Yesterday I went searching for remnants of the old Cherry Hill neighborhood. There are none, as far as I could tell.
It’s not the first New York City neighborhood to entirely vanish in the rush of progress — is it, Robert Moses ? — however it may be the one that began with the most impressive pedigree.
Cherry and Catherine streets, looking towards the Manhattan Bridge anchorage, in the once glorious Cherry Hill neighborhood. Pic courtesy Knickerbocker Village, who guesses photo to be from 1920s)
I’m not referring to the part of Central Park called Cherry Hill or even the upstate farm of Cherry Hill, best known for the prominent New York family the Van Rensselaers.
Downtown Manhattan’s Cherry Hill once lay near the waterfront in the area more literally called Two Bridges today, between the Brooklyn Bridge and the area just northeast of the Manhattan Bridge.
The Two Bridges Historical District was created in 2003, just to the north of the site of old Cherry Hill. Indeed there is nothing much left of the Cherry Hill neighborhood at all.
In 1890 Jacob Riis, in documenting what the neighborhood had become, referred to its early days as the “proud and fashionable Cherry Hill.” (pictured below)
Named for a Dutch cherry orchard, Cherry Hill featured a row of homes with a beautiful vista of the East River and hosted no less than George Washington‘s during his first term as president, at 1 Cherry Street.
Although he later moved to 39 Broadway, the neighborhood remained high on the list of the rich and important, including John Hancock (at 5 Cherry Street) and DeWitt Clinton (who moved into Washington’s old home).
Below: An illustration of the more genteel days of Cherry Hill, taken from the book When Old New York Was Young (written in 1902)
Even as late as the 1824, the area featured fine homes such as that of Samuel Leggett, founder of the New York Gas Light Company (later Con Edison), who enjoyed New York’s first interior gas lighting.
Here’s a picture of the first gas-lit home at 7 Cherry Street. (More information here)
If you’re looking for a symbolic date of Cherry Hill’s demise, look no further than April 3, 1823, birth date of William ‘Boss’ Tweed, who was born here and worked at a Cherry Hill chair shop in his early years.
Below: Mullen’s Alley in Cherry Hill, picture taken by Jacob Riis in 1890. Courtesy the Museum of the City of New York
As many well-to-do neighborhoods would later do, Cherry Hill devolved into a slum, paralleling the decline of nearby Five Points. Its well-intentioned tenements soon became the worst in the city.
Located in the Fourth Ward, Cherry Hill abutted the saloons, boarding houses and brothels along Water Street, including the legendary Hole In The Wall (the former Bridge Cafe).
None of this would assist the neighborhood in escaping its fate.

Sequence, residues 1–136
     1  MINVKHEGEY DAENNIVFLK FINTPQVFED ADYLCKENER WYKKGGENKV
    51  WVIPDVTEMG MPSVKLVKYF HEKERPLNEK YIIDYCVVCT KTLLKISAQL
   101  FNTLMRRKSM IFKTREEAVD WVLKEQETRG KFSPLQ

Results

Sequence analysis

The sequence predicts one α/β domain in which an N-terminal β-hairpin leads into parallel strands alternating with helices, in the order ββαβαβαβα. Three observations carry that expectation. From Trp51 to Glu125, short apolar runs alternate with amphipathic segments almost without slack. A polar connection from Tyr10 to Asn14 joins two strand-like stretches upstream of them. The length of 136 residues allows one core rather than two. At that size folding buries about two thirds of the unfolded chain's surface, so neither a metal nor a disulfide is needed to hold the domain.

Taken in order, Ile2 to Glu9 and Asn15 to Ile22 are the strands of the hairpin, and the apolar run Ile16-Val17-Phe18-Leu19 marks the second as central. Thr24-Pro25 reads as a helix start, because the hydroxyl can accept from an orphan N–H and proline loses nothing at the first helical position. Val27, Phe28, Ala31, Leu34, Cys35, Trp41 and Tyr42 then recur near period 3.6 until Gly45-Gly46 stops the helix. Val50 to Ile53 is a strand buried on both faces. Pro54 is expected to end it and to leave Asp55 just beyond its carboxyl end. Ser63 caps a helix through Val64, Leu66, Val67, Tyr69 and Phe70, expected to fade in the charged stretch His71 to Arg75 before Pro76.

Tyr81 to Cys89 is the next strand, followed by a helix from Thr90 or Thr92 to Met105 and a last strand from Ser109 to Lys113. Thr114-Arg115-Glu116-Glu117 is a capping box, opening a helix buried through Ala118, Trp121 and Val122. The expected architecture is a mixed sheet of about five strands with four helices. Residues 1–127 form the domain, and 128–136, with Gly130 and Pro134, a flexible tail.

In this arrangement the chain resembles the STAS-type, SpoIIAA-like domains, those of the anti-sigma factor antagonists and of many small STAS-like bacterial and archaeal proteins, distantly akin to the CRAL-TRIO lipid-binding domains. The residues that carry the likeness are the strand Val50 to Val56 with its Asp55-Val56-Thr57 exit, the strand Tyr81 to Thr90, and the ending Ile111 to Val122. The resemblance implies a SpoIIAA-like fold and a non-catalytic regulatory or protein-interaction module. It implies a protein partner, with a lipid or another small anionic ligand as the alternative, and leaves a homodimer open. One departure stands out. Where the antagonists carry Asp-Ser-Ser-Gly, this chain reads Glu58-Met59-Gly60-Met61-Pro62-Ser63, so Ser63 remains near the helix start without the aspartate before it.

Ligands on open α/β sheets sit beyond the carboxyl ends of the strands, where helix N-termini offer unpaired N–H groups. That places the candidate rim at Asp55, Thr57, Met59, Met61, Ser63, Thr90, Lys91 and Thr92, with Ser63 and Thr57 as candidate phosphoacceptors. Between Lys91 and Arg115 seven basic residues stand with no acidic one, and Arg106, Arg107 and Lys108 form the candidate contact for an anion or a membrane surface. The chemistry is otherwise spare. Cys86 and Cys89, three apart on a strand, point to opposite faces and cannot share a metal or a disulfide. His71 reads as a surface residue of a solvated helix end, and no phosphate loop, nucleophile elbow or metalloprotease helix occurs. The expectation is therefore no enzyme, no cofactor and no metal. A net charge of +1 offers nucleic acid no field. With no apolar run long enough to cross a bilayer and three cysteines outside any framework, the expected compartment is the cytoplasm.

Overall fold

Below: Blindman’s Alley at 22 Cherry Street, taken by Jacob Riis
Cherry Hill is most unfortunately known for its most horrific slum — Gotham Court, “one of the worst tenements along the East River.”
It would later be made infamous in Jacob Riis’ renown 1890 blistering survey of How The Other Half Lives. Â According to Riis:
“It is curious to find that this notorious block, whose name was so long synonymous with all that was desperately bad, was originally built (in 1851) by a benevolent Quaker for the express purpose of rescuing the poor people from the dreadful rookeries they were then living in.”
Below: photo from Gotham Court by Jacob Riis, 1890. “Minding the baby; Baby yells a Whirlwind Scream, Gotham Court.”
How long Gotham Court continued to be a so-called model tenement is not on record. It could not have been very long, for already in 1862, ten years after it was finished, a sanitary official counted 146 cases of sickness in the court, including “all kinds of infectious disease from small-pox down.”
The side alleys are narrower. They are not more than three or four feet wide. In order to enter either of these alleys one has to pass through an iron arch. The gate has been taken away, but enough remains to give unpleasant suggestions of a penitentiary..
The idea is not dissipated by the appearance of the houses inside the alley. The small windows with tiny panes of glass, the low, dark doors, through which iron gratings can be seen, and the bare brick walls are like those of a prison. The people move about free, as the prisoners do during exercise hour at the Tombs. All the doors are alike, all the windows are alike, and all are dilapidated, forlorn and forbidding.
Gotham Court and the rest of Cherry Hill were not long for this world. In the wake of Riis expose, Gotham Court was demolished in 1897.
By that time, efforts were made to construct more amenable tenements, including those built at 340, 342 and 344 Cherry Street in 1888. (See below, courtesy of Maggie Blanck)
By that time, the anchorage to the Brooklyn Bridge — and in 1909, with the Manhattan Bridge anchorage — would block in the neighborhood from the circulation of the city. The construction of traffic ramps to the Brooklyn Bridge and the downtown section of the FDR Drive (opened in 1942) obliterated much of what remained.
In its place would be more ambitious housing “super projects,” most notably one in the form of the Alfred E. Smith Houses, built in 1953 and named for the governor and saavy politico born very close by, at 25 Oliver Street.
His old street and a couple around it may give you the closest idea of what some areas of Cherry Hill may have looked like in earlier years.
Two maps — one block of tenements in Cherry Hill in 1890 (from a map by Jacob Riis) and a Google map of the same block today:
Given its rather uniform appearance, I found it quite impossible to picture Cherry Hill’s early days here.
A shortened version of this article originally ran August 18, 2008. I’ve left the comments from that original run as they relate to the history.